In yet another adaption of a James Patterson novel, Morgan Freeman does his usual excellent job as profiler Alex Cross. It’s just too bad the rest of the movie can’t quite measure up to his performance… or the first five minutes.
Still recovering from a bust gone bad months earlier, Alex Cross (Morgan Freeman) is contacted by kidnapper Gary Soneji (Michael Wincott) with clues that draw him into an ongoing investigation to find a congressman’s missing daughter. Partnering up with Special Agent Jezzie Flannigan (Monica Potter), Cross begins to unravel a trail of clues, but things really get started when Cross discovers the kidnapper is an admirer of his.
This film is a sequel to 1997’s “Kiss the Girls” in the same kind of way that “U. S. Marshalls” is a sequel to “The Fugitive;” same central character but completely different story. Fortunately, the filmmakers decided to let Freeman’s performance sell the story rather than tout it as a sequel, but that brilliance is undone by an early action sequence that the rest of the film simply can’t hope to live up to. Worse yet, that sequence has little to do with the film other than to contribute a little backstory to Freeman’s character and give the guys making the trailer something to entice audiences with. The combined effect makes watching the film feel as if it’s plodding along rather than taking its time with the story.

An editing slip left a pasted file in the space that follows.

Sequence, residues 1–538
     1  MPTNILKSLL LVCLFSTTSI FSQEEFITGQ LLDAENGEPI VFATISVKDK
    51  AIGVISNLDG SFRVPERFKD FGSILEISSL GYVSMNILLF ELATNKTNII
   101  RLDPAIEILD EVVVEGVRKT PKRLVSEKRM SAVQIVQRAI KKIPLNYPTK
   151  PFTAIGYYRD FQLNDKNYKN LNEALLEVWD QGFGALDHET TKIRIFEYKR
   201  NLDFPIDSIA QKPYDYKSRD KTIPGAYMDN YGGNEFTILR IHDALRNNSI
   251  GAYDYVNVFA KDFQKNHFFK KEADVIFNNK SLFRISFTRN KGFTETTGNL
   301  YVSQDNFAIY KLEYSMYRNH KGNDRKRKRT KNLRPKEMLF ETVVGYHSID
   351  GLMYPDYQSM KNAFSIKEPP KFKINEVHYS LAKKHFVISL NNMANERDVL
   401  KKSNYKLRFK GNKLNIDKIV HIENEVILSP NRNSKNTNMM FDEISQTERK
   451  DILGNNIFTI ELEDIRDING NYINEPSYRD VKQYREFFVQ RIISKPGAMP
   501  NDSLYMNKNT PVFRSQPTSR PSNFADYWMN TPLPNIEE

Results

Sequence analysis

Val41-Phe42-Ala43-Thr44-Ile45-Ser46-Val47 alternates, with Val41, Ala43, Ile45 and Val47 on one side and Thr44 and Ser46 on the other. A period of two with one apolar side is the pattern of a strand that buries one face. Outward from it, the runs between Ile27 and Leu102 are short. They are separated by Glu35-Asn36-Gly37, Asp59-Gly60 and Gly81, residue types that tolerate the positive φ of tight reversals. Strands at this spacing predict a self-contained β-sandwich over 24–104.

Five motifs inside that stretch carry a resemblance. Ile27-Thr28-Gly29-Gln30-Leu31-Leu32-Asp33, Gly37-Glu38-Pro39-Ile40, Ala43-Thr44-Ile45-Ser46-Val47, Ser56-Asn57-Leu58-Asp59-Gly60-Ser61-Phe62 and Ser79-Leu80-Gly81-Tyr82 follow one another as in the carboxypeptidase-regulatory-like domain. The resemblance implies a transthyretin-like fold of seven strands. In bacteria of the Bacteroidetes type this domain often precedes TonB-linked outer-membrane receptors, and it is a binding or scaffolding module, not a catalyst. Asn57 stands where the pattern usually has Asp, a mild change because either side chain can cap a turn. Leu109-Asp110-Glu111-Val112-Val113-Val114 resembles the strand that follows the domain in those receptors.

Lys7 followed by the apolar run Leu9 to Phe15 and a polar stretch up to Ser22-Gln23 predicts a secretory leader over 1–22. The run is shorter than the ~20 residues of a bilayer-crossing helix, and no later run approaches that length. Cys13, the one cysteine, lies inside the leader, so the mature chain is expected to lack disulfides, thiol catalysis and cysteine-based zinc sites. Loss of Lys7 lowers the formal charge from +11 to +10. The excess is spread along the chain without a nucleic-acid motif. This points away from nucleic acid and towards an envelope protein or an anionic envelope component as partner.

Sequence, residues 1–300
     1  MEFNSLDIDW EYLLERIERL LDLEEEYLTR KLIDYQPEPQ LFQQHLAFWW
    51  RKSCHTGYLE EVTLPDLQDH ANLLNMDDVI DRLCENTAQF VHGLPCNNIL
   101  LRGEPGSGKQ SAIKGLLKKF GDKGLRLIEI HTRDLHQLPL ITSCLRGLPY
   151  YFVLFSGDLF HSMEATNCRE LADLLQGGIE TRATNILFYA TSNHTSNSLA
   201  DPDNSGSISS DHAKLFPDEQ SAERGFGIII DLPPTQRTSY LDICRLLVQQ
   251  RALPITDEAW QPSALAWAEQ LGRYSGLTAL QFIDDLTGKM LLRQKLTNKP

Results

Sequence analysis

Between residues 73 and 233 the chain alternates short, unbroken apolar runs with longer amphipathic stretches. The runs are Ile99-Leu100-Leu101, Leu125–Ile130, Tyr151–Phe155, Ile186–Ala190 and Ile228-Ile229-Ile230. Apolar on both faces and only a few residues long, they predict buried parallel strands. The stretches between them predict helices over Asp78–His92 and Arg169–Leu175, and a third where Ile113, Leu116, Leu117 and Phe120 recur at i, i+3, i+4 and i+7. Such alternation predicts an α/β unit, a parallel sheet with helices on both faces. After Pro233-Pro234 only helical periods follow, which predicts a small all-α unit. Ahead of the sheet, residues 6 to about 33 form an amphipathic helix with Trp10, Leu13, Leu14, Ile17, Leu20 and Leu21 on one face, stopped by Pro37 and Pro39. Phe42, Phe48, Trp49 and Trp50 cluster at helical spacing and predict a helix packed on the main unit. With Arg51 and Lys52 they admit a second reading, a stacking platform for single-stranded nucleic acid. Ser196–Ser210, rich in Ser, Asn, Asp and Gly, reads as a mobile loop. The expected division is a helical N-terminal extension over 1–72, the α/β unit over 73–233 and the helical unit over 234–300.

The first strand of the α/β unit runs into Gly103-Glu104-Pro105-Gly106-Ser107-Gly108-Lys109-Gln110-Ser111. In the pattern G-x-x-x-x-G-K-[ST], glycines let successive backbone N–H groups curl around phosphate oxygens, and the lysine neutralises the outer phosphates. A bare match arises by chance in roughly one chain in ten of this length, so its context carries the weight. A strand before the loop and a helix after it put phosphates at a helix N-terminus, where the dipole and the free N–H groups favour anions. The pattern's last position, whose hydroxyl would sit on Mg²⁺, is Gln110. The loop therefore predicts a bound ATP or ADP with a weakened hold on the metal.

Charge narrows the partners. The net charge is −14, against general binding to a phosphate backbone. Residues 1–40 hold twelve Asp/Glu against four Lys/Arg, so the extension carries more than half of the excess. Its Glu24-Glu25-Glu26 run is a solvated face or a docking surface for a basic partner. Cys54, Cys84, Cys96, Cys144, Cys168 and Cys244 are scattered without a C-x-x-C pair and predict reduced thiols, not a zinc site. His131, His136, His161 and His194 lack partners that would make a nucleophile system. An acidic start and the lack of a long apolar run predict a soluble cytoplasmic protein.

What’s left is a clever story that ranges from hero vs. villain to pure mystery, stumbling mostly when the director fails to trust the audience with a little intelligence. The worst offense is the convenient guessing of a computer password and the even more convenient itemized list of the film’s plot (which instantly appears with no searching necessary) including where the film ends. It’s hard not to think back to Mel Brooks’ “Spaceballs” when the bad guy fast-forwards through an anachronistic video of the film to discover how the good guys had given him the slip and where they had gotten to.
“Along Came a Spider” isn’t a bad thriller; think “The Bone Collector” with a better ending. With a few tweaks, it might have even been great. Still, judging from the way the trailer was presented, the producers already knew that Morgan Freeman was the only glue that could hold such a fragile production together.
(a watchable 3 out of 4 skulls)